Tag Archives: Facebook


Stop The Spread of Fake News

Mark Zuckerburg might think that fake news on Facebook didn’t sway the election, but Associate Professor Zeynep Tufekci (and many others) aren’t buying it. In a piece for the New York Times (where she is a regular contributor and a must-read), Tufekci writes:

He is also contradicting Facebook’s own research.

In 2010, researchers working with Facebook conducted an experiment on 61 million users in the United States right before the midterm elections. One group was shown a “go vote” message…


What Does Facebook Think It Knows About You?


Audrey Watters shared this link to a ProPublica Series, Machine Bias, with a post on understanding Facebook and all that they know about us. I was particularly interested in the Chrome plugin that lets you know what Facebook thinks you like. They are inviting people to share their experiences, as well, to try and better understand what Facebook thinks it knows about us, its (proverbial) users.

I was particularly interested in how I could integrate this reading and exercise into my Introduction …


Ello and Academic Social Networks

If you’ve been on Twitter or Facebook lately, you might have seen the first apparent signs of a migration, with users announcing their new account names on the currently invitation-only social network Ello. This isn’t the first time there’s been a new network apparently on the horizon (remember the short-lived exodus to App.net, the still-on-life-support Google Plus, and the decentralized concept of Diaspora pods? Konrad, at least, certainly appreciated Diaspora.), but it’s caught the attention…


Weekend Reading: August & Everything After Edition

7976509870_fd12524842_z As summer, for many of us, speeds towards its inevitable end, I am reminded of the ebb and flow that marks this time of year: the daylight has begun waning sooner, and our daily habits and patterns will shift (or may have already shifted) to accommodate the demands of a new term, a different course, the same course but on a different day, new or returning service work, and the everyday responsibilities of family, friends, and our own selves.

Like many of you, over the last two weeks, I’ve becom…


A Good Time to Check Your Social Media Privacy Settings

Over at the New York Times “Bits” blog, Nick Bilton reminds us that we should review “who has access to [our] social accounts” from time to time. Services like Twitter, Facebook, Google, and LinkedIn often invite us to link certain services to our accounts, for reasons that vary from making it easier to update multiple accounts at once to being able to authenticate our identity for a third-party service. It’s all too easy to forget just how many of those third-party services have been granted a…


Weekend Reading: The Rise of the Machines Edition

We at ProfHacker like books. Apparently so do many of you. The New York Times ran an article earlier this week about the “Allure of the print book.”  Esquire followed with “The Revenge of the Printed Book.” Newsweek, which ended print circulation last year in favor of pure digital circulation, has announced that it will resume hard copy in February 2014.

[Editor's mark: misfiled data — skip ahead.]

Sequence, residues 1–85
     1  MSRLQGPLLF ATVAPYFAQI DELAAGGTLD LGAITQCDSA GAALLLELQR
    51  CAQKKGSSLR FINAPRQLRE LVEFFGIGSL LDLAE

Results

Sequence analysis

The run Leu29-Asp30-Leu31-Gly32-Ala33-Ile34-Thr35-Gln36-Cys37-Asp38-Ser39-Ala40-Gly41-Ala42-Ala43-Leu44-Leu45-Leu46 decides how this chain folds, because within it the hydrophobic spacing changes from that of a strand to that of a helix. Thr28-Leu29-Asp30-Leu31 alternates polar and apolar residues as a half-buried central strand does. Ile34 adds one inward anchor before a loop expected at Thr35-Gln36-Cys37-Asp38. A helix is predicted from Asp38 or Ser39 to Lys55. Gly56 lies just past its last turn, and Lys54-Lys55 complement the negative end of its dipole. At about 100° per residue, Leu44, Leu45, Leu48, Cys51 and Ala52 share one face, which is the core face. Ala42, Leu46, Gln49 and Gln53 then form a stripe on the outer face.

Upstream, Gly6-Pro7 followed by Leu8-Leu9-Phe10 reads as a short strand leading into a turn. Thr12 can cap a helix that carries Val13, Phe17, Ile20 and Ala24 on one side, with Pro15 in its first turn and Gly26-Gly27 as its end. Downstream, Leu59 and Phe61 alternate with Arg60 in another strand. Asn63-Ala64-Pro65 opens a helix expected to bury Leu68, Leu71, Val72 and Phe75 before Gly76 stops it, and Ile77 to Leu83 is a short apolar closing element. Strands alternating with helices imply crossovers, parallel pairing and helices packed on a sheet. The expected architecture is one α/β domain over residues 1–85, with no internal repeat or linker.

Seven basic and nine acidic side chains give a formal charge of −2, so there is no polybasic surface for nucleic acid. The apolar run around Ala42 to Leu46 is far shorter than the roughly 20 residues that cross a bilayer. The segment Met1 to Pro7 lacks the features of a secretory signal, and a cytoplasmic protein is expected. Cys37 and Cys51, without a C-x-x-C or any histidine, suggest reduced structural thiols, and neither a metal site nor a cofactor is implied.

Amazon CEO Jeff Bezos announced Amazon Prime Air this week that consumers may begin to receive their purchases via drone as early and June 2…


Weekend Reading: The DH Summer Edition

Big_Summer_SkyThe semester is over! Grades have been turned in, the weather is beautiful, possibilities are endless. It’s the perfect time to think about beginning summer projects, and to read up on the digital humanities, one of our favorite fields at ProfHacker. My links in this week’s Weekend Reading focus on some interesting developments in race, ethnicity and literary studies within the digital humanities, social media, and some literary inspiration for beginning your new summer project.


Using Facebook and Tumblr to Engage Students

social[This is a guest post by Carol Holstead and Doug Ward. Carol Holstead is an associate professor of journalism at the University of Kansas. She currently teaches visual storytelling, magazine writing and multimedia reporting; she was the 2010 Budig Professor of Writing. If you’re on Facebook, feel free to ask to join the group Visual Storytelling Spring 2013 if you want to see the page in action.

Doug Ward is an associate professor of journalism at the University of Kansas, where he is teaching …


Facebooking the Past

The Seventh Commandment[Lucinda Matthews-Jones is a lecturer in history at Liverpool John Moore (UK), where she teaches nineteenth-century British History. Details of her research can be found on her academia.edu profile. She also blogs and co-edits the Journal of Victorian Culture: www.victorianculture.com. She tweets from @luciejones83.--@JBJ]

Digital databases have provided scholars with new ways to access source material. Have we been quick enough to extend these benefi…


Data Mining and Facebook Graph Search

Random Number Multiples - RGBIf you haven’t fled Facebook for Google+ or abandoned social networks entirely, you probably–like me–have a lot invested in the platform. A new feature is in beta on Facebook: Graph Search. If you get through the waiting list to try it out, you’ll find lots of options for targeted searches centered on your social network. Graph search works by linking together terms and restrictions to allow for very specific searches within the network: you can look for images from friends based on a common loc…